Knowledge Discovery' Could Speed Creation Of New Products
Science Daily — WEST LAFAYETTE, Ind. In the recent science-fiction thriller "Minority Report," Tom Cruise plays a detective who solves future crimes by being immersed in a "data cave," where he rapidly accesses all the relevant information about the identity, location and associates of the potential victim.
Purdue University graduate student Leif Delgass reviews chemical structures associated with points in a 3-D "scatter plot." The interactive graph is part of a system being developed at Purdue University that could dramatically speed up scientific discovery by enabling researchers to test hypotheses in real time using high-performance computing and artificial intelligence software. (Purdue News Service photo/David Umberger)
A team at Purdue University currently is developing a similar "data-rich" environment for scientific discovery that uses high-performance computing and artificial intelligence software to display information and interact with researchers in the language of their specific disciplines.
"If you were a chemist, you could walk right up to this display and move molecules and atoms around to see how the changes would affect a formulation or a material's properties," said James Caruthers, a professor of chemical engineering at Purdue.
The method represents a fundamental shift from more conventional techniques in computer-aided scientific discovery.
"Most current approaches to computer-aided discovery center on mining data in a process that assumes there is a nugget of gold that needs to be found in a sea of irrelevant information," Caruthers said. "This data-mining approach is appropriate for some scientific discovery problems, but scientific understanding often proceeds through a different method, a 'knowledge discovery' approach.
"Instead of mining for a nugget of gold, knowledge discovery is more like sifting through a warehouse filled with small gears, levers, etc., none of which is particularly valuable by itself. After appropriate assembly, however, a Rolex watch emerges from the disparate parts."
A team of researchers at Purdue led by Caruthers is developing a computer environment that allows experts to talk naturally in their specific scientific language. That way, the researchers don't have to deal with computerese and can take full advantage of the most advanced visualization capabilities to become more engaged in the scientific discovery process, Caruthers said.
Such a system could become crucial for enabling scientists to deal with the recent explosion of data now available to them. The source of this flood of data is "high-throughput" experimentation, in which hundreds or thousands of experiments are conducted simultaneously in tiny vessels that are sometimes as small as a few human hairs. Having so much information presents a challenge: it is difficult for researchers to find what they are looking for within this huge sea of data.
"You run the risk of drowning in data," said W. Nicholas Delgass, a Purdue professor of chemical engineering. "What you really want is knowledge, not data."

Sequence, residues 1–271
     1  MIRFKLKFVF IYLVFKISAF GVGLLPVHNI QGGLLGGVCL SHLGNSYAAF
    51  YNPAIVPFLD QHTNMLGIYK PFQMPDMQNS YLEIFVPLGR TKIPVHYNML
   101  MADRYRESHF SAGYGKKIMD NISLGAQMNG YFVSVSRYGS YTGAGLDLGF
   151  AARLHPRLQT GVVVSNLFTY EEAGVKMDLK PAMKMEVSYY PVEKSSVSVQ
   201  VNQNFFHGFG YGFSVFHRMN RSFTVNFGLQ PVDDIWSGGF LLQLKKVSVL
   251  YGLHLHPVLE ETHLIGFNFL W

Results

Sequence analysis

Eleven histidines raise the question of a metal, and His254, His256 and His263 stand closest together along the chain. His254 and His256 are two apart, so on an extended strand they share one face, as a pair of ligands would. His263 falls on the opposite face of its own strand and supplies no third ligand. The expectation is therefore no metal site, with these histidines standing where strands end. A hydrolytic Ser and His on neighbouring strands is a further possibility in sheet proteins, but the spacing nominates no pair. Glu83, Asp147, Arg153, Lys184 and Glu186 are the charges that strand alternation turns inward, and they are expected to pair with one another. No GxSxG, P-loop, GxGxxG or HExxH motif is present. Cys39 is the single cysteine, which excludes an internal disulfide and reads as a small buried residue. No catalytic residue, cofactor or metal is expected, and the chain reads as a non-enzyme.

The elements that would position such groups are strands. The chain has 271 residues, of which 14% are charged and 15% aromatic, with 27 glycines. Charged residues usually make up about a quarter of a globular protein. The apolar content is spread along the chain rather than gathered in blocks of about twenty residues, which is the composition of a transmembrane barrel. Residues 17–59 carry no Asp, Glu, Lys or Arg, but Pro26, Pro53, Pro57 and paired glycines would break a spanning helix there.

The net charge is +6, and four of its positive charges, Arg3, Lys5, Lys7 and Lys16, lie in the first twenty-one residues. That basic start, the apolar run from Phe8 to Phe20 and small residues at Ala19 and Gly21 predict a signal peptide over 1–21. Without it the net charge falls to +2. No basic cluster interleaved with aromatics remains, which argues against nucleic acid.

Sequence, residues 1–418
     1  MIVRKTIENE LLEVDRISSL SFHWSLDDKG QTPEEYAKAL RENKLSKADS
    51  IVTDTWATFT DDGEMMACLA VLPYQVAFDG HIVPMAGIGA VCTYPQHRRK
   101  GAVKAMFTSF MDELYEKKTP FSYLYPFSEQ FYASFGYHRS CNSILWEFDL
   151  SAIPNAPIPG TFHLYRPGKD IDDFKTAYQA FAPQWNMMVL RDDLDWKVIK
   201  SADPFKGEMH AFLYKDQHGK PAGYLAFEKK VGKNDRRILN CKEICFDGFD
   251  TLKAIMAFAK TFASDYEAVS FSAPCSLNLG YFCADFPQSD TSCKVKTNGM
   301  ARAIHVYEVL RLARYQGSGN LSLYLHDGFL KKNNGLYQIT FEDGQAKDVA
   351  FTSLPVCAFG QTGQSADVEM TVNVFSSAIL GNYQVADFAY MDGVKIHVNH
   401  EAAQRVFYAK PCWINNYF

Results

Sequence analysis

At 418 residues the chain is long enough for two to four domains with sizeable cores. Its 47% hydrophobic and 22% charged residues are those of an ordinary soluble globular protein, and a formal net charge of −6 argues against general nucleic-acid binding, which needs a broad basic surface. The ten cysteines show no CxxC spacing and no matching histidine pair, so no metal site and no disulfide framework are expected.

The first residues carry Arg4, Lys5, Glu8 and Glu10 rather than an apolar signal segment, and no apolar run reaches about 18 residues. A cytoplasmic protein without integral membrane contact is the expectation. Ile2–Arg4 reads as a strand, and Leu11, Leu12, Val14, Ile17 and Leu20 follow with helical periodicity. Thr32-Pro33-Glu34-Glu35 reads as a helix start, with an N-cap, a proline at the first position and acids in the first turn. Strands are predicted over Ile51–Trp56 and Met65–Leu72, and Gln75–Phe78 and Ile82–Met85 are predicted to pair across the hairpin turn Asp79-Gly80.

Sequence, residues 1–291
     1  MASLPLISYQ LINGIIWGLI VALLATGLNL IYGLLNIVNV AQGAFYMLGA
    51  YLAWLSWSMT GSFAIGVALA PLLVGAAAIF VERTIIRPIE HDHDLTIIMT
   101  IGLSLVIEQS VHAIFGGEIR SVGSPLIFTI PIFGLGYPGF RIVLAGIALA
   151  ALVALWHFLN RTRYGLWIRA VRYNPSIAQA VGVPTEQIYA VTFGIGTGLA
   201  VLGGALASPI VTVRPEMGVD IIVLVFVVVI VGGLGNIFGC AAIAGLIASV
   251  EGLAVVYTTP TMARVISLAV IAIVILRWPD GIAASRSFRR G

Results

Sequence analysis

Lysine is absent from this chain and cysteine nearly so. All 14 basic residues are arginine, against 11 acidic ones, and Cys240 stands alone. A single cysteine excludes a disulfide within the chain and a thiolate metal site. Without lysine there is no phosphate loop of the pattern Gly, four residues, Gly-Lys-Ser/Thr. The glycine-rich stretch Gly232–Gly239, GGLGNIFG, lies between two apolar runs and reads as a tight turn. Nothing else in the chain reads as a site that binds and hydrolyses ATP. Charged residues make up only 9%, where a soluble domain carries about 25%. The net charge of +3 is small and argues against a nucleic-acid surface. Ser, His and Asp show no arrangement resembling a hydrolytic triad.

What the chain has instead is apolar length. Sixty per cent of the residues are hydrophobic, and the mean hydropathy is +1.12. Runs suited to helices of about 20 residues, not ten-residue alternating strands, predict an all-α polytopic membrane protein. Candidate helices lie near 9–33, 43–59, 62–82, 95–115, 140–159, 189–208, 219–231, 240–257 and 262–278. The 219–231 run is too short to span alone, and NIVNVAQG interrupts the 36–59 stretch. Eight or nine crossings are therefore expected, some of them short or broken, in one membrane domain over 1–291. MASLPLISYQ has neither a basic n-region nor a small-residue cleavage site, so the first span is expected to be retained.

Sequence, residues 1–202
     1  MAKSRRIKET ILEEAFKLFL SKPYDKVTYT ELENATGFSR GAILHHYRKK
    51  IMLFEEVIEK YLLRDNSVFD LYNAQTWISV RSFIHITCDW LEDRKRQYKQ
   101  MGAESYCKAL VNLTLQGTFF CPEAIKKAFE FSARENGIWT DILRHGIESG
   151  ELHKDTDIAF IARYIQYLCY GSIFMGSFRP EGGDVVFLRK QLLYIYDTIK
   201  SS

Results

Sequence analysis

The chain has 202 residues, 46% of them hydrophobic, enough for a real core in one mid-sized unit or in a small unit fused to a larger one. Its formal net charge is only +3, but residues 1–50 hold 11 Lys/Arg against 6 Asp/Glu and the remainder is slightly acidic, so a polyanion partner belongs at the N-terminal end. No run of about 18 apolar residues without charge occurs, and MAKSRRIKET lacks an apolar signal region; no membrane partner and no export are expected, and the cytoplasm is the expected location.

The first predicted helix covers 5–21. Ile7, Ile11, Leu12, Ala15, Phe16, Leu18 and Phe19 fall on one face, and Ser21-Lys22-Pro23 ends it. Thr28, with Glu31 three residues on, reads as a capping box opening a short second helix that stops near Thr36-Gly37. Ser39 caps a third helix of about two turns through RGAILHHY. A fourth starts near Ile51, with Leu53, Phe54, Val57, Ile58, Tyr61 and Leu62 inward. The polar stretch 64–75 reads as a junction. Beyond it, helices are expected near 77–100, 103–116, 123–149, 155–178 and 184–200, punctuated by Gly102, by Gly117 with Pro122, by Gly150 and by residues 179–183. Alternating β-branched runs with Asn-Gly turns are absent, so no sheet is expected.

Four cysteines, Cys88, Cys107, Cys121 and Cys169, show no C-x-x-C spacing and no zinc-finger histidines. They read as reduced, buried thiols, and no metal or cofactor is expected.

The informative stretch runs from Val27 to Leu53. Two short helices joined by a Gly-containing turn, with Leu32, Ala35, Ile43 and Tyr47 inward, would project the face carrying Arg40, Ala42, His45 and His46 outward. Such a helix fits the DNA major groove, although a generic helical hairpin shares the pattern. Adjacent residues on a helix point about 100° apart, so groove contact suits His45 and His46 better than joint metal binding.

Purdue researchers believe they have a solution to the problem. They are developing a method to extract knowledge from data, promising to speed up the process of discovery in many areas of research, including work aimed at creating new drugs, fuel additives, catalysts and rubber compounds.
The method, called "discovery informatics," enables researchers to test new theories on the fly and literally see how well their concepts might work in real time via a three-dimensional display, said Venkat Venkatasubramanian, another professor of chemical engineering working to develop the new system.
The multidisciplinary effort involves researchers from Purdue's College of Engineering, School of Science, School of Technology, Information Technology at Purdue, or ITaP, and the e-Enterprise Center in Purdue's Discovery Park, a collection of six centers formed to speed the development of new technologies.
Discovery informatics depends on a two-part repeating cycle made up of a "forward model" and an "inverse process" and two types of artificial intelligence software: hybrid neural networks and genetic algorithms.
The forward model combines fundamental knowledge and rules of thumb with neural networks software that mimics how the human brain thinks to tell researchers how a particular material will perform.
"In the forward model, a researcher postulates a molecular structure or a product's formulation and then wants to predict what properties that structure or formulation will have," Delgass said.
The inverse process is just the opposite: Researchers enter the properties they are looking for, and the system gives them a molecular structure or formulation that will likely have those properties. The inverse process cannot begin until the forward model is completed because the former depends on information in the model.
"What we are talking about is an advanced method for product design," said Venkatasubramanian. "The product design problem is this: I want some material that would have the following mechanical, chemical, electrical properties and so on.
"I know what properties I want in order to get my job done, but I don't know what material, what molecular combinations, will give me that. It is a bit like 'Jeopardy.' You know the answer, but you are looking for the question."
The inverse process may use genetic algorithms, software programs that mimic the Darwinian survival-of-the-fittest evolutionary approach to find the best candidates. The algorithms cull the best materials and eliminate the poor performers, just like survival of the fittest, generating "mutations" of the best materials to create even better versions over time, and the software determines the chemical structures of those mutations.
The resulting formulas are tested and used to improve the forward model, and the cycle starts over again, progressively creating better and better solutions.
"Once we have the forward model, we use it to predict which possibilities are going to be good," Delgass said. "Many of them turn out to be bad, but all of the negative information essentially tells me that the model has a flaw because it initially said these were good possibilities, and they weren't.